I imagine Trump does not like to be taunted but election year is coming, and the politics of entering a conflict on the heels of him abandoning the treaty is not good.   Iran knows that. 

Problem is, they simply will not stop disrupting, and without intervention,  they will take oil price with them

Cardboard

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WCP is one of my largest positions.

A concern of the market is that they would continue acquiring assets or bargains but, in the last conference call it was made clear that they had enough assets to grow organically and would continue to pay down debt and return capital to shareholders in this environment. They recently raised the dividend and as you mentioned continue to buy back shares.

Insiders purchases has been among the most active and broad amongst Canadian energy firms. BNE, SGY and YGR are others were there has been a fair bit of buying over the last 6-12 months.

The world driven by algos and bots continues to sleep walk straight into an energy crisis. U.S. production has actually declined in recent weeks and also contrarily to popular belief price received is nowhere near WTI for most of Texas production. Only the Eagle Ford receives something close to WTI and is likely due to how close they are to seaborne oil or world pricing.

If you go to Oilprice.com (https://oilprice.com/oil-price-charts), you will find out that Texas production was getting from $38.01 to $51.66 (Eagle Ford) yesterday.

IMO, the reason for that is an over-abundance of ultra light oil or condensates and this has gotten worst as they have drilled more into the Western part of the Permian. Also look at the latest EIA report. Propane inventories are up 37.7% year over year and Other oils (lots of NGL's) up 11.9%. These two categories were up 3.9 million barrels in the last week alone. That is a clear indication of production turning to the gassy side.

It is true that they are facing shipping constraints in the Permian creating a discount but, it is clear also that what they produce is in oversupply. As a result the U.S. exports 3 million barrels/day to keep things stable while they still import over 7 million barrels daily. Why would you export anything if you are a net importer of over 4 million barrels/day?

The past has also showed us that sub $50 U.S. shale is unprofitable and contracts fast. That is where we are right now despite WTI now just above $55 on Iran shutting down a U.S. drone today. Just imagine what would happen if we were to lose 1 million barrels/day of the right oil or proper gravity and sulfur content. It could be Libya (in the midst of a civil war), Nigeria (where rebels have threatened to shut down oil production) and now pretty much anywhere around the Straight of Hormuz.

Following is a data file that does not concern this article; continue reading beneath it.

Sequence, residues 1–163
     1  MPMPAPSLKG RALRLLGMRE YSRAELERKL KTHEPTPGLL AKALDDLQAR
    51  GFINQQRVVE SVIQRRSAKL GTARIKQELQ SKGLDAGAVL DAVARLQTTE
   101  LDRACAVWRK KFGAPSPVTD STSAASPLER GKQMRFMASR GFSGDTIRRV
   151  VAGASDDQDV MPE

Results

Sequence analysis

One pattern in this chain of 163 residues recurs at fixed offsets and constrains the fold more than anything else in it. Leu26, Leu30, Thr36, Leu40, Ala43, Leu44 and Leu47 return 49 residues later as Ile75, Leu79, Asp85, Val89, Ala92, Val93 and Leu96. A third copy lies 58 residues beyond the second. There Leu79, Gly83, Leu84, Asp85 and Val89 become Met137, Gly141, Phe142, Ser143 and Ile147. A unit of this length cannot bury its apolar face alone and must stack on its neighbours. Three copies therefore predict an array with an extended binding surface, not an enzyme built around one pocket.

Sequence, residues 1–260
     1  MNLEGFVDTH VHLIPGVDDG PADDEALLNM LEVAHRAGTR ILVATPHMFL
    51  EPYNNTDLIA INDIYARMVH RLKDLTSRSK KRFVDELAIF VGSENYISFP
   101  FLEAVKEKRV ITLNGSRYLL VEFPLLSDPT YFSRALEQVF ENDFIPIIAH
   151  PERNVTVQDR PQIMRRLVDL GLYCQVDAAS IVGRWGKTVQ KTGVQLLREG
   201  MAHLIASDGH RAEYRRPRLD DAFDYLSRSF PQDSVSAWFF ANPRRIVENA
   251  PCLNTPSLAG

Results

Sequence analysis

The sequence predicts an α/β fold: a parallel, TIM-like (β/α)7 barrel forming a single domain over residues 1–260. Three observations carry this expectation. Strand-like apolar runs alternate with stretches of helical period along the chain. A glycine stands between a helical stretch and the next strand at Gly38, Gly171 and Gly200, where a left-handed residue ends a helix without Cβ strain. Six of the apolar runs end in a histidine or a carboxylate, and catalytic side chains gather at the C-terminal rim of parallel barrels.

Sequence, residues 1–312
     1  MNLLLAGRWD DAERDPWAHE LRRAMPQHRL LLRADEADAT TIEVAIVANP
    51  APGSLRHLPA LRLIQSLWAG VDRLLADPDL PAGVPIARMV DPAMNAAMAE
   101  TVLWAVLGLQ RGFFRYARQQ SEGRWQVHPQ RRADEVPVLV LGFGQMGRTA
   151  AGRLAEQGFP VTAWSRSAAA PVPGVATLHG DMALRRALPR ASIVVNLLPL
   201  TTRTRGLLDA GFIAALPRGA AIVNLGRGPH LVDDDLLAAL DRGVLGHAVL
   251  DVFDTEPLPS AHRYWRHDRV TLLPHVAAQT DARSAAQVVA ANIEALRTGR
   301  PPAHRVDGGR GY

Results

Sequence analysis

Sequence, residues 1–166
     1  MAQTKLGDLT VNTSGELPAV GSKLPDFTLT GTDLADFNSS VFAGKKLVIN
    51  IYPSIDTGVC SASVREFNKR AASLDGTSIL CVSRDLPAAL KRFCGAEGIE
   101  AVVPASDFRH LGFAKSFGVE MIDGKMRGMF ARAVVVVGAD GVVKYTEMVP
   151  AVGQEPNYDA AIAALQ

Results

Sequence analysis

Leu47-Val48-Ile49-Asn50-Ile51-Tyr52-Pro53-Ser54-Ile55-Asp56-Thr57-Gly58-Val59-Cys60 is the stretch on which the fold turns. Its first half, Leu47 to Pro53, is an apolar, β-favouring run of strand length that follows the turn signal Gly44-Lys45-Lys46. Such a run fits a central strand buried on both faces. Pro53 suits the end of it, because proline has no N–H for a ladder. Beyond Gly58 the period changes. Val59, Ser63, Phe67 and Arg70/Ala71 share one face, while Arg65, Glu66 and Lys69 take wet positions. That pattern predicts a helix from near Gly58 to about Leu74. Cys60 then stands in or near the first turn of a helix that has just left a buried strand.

Where is the premium to attract production and keep things in line if anything goes offline? In the meantime the S&P and unprofitable ventures are at new highs... I recall $12 oil and the Internet bubble. The decade after was really different.

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Joe689

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WCP is one of my largest positions.

A concern of the market is that they would continue acquiring assets or bargains but, in the last conference call it was made clear that they had enough assets to grow organically and would continue to pay down debt and return capital to shareholders in this environment. They recently raised the dividend and as you mentioned continue to buy back shares.

What did you make of that huge volume day earlier in the week?  12M shares.  Only down a little and $4 held very strong.  Came off to me that they might be getting ready to purchase something.  They are very shareholder friendly, and think major shareholders have a real say at the table.  Therefore, if they were going to make a large purchase, it would be run by the largest shareholders.  Maybe one or two did not like it, and but others fully support, and lots of shares changed hands.  Just speculation.  Very high volume day on no news. 




Where is the premium to attract production and keep things in line if anything goes offline? In the meantime the S&P and unprofitable ventures are at new highs... I recall $12 oil and the Internet bubble. The decade after was really different.

Combine that with the mentality that we do not need oil anymore.   I agree that the next decade should be a good wake up call for these young generations.  Not sure what the wake up call will look like but it will have a lot to do with energy, growth, debt and interest rates.   Look at gold.... Faith in the fiat money is dropping with the fear of the printing presses coming back on.  Commodities are the true scarce supply.

bizaro86

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A concern of the market is that they would continue acquiring assets or bargains but, in the last conference call it was made clear that they had enough assets to grow organically and would continue to pay down debt and return capital to shareholders in this environment.

It seems to me that making acquisitions might be a better use of cash in the current environment. Nice assets have been selling at low prices, and the drilling inventory will still be there to drill next year.